Monday, June 10, 2013

First Time Home Buyer's 411

Hi guys! This post is a long time coming. It's not for the average blog reader (It's so long) but for those preparing to buy their first house. I would have posted it earlier but for some reason couldn't find it.  Let me tell ya I was little panicked to the point that I started to think I'd have to ask the NSA if they knew what I did with it.   : D

We are attempting to buy our first home (update we already purchased the home but I started writing this months ago.)   It can be a very confusing process. There are so many variables. It would have helped if we were more familiar  with the process, so when the loops got thrown at us we were better prepared.  By the time I publish this post we should be past all of this and the house should be ours, hopefully.

Even if you are not a first time homebuyer this may be of some help if you were clueless all the way through your first purchase. However, this was written for all of you property virgins out there!
This is long, but it's worth your time familiarizing yourself with this so you are not taken advantage of in the process and know a little more with what to expect to hopefully avoid any unpleasant circumstances midway through the buying process, like losing your home before you close on it.

Although this post will familiarize you with the process and give you most of what you need, every loan is different, there a lot of variables, so keep that in mind.

    Find a Lender and Negotiate Lower Closing Costs 

This is your first step.  Seriously, and I mean seriously, do not look for a house til you have lender shopped.  Shopping for a lender first is muy importante!  You need to find a lender who will give you a great interest rate (along with not charging you a bunch of junk fees, you will read about that below).  Interest rates are at an all time low so there is no sense in not getting a great rate, especially if you have great credit.  Letting a lender know that you are still looking for another lender may get them, and usually does, to negotiate on their fees. Yes, believe it or not, a lot of things are negotiable.

I negotiated 700 dollars worth of fees off of my closing costs simply by letting the lender know I was shopping else where but would still give her a chance if she could let go of some of the junk fees.  You can't always negotiate based solely upon whining about how expensive things are. I know, I tried. You have to be straight up or you will be taken advantage of most likely.

I hate to say it but ignorance is bliss to the people who are getting your money!

Also, you do not want to get in the middle of falling in love with a home on the market, and then quickly try to find a lender to give you a great deal. This usually involves you realizing that you don't have much time to make a bid because the house already has bids (homes are selling fast in some places since the market has taken a slight up turn) and you may be tempted to go with a lender who doesn't give you the best deal, but has already approved you.  Not that I would know about that, or anything *whistling*.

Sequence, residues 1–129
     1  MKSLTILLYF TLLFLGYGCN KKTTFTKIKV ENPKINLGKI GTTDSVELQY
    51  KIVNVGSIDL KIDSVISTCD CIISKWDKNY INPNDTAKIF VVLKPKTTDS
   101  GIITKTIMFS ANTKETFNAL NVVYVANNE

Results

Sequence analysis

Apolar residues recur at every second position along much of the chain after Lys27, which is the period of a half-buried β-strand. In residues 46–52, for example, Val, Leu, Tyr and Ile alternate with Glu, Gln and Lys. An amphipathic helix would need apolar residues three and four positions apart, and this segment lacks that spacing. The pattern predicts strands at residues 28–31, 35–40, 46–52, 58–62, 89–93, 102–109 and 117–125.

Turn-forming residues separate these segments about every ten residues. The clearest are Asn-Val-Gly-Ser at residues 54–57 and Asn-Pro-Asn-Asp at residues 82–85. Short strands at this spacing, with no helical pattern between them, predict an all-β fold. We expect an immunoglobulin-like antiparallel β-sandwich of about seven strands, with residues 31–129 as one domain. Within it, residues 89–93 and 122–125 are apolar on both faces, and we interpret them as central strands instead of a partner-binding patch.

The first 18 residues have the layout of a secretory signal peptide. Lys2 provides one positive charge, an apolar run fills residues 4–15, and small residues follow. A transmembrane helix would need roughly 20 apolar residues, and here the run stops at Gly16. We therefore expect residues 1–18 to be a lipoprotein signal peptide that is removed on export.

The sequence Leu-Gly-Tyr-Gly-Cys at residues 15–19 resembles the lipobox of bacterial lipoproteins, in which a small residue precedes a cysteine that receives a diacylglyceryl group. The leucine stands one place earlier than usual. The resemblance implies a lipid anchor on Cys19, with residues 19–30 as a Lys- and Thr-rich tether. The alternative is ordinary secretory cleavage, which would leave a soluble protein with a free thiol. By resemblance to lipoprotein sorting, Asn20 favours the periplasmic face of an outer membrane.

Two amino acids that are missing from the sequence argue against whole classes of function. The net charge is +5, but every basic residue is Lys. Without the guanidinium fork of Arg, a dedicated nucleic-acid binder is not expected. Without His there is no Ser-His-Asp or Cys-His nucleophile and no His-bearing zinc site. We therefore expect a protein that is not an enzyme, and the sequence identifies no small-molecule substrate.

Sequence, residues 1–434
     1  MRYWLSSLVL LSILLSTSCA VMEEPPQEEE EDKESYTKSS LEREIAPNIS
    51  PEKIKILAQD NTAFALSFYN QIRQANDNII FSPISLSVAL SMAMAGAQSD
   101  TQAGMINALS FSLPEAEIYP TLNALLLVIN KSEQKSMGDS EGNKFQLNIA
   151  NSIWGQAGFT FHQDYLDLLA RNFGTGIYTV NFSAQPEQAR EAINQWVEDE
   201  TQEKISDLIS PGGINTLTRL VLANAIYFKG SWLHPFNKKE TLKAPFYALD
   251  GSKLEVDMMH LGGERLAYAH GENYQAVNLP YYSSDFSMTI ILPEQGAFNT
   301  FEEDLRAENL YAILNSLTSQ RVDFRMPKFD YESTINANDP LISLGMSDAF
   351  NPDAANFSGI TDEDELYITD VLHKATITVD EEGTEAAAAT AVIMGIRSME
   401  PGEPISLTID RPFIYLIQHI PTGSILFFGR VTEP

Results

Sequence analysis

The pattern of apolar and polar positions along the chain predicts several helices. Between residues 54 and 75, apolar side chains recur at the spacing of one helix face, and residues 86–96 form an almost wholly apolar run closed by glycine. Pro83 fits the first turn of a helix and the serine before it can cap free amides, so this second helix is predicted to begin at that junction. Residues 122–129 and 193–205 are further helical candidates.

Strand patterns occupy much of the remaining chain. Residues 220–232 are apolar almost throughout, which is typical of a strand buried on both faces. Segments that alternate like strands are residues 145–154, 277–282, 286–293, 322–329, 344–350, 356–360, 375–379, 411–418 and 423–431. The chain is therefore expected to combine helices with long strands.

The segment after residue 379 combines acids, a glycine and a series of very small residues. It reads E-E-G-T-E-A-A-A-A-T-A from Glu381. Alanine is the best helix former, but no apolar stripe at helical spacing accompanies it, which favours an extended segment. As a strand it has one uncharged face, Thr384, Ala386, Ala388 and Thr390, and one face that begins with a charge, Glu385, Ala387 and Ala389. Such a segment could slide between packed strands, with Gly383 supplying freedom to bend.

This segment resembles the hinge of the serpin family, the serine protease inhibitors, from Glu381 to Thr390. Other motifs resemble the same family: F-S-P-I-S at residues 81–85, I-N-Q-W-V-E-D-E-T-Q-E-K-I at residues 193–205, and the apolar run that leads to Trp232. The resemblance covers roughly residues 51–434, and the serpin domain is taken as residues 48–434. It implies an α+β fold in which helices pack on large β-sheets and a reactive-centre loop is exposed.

Believe me, this is no bueno.

Repeat after me, " I will not even look at a house until I have found an amazing lender first."

Just let them know that you haven't found a home yet, but you are looking to buy one, and you want to know how much home you can afford and what they will lend and what their interest rates will be on the amount you want to spend.

                        Get Prequalified                           

 This step goes hand in hand with finding your lender. It's simpler than what it sounds, you choose the lender you want and fill out a form, or give them verbal information over the phone, sometimes you can fill it out online, and they will let you know how much you can afford, and are willing to lend, on a home based upon the info you give them. This does not  usually involve any sort of credit check, and they do not verify the information. They are basing this solely upon the information you give them. Do not confuse this with being pre-approved for a loan.

If you prequalify, they will give you a letter and you will give this to your realtor when you are ready to make an offer on a home.

Do not guess at this, know what your credit is like and what you have in the bank. If this info changes slightly it can mean the difference between getting a loan and not getting one when it comes time.

** A lot of realty companies will not allow an offer to be made without a pre-qualification letter anyways.  It just shows that you are serious about the home buying process. From what I understand, if you're buying a foreclosed home, the pre-qualification letter is a must.

Turn around time for a prequalification letter is usually 24 hours sometimes it's 48. 

                                     Get Pre-Approved

 You could go a step further than pre-qualifciation and get pre-approved. You give the lender your info and this time they verify all the information and they do a credit check This will strengthen your offer come bid time. You will look more serious to the seller, and getting pre-approved may just help you get a step up on the competition and get your bid accepted over the others.

Even getting pre-approved is not a guarantee you will get a loan. Some things can happen between the time it takes to get pre-approved and finding the right house. You could lose your job, your credit score could take a dip, the market could change.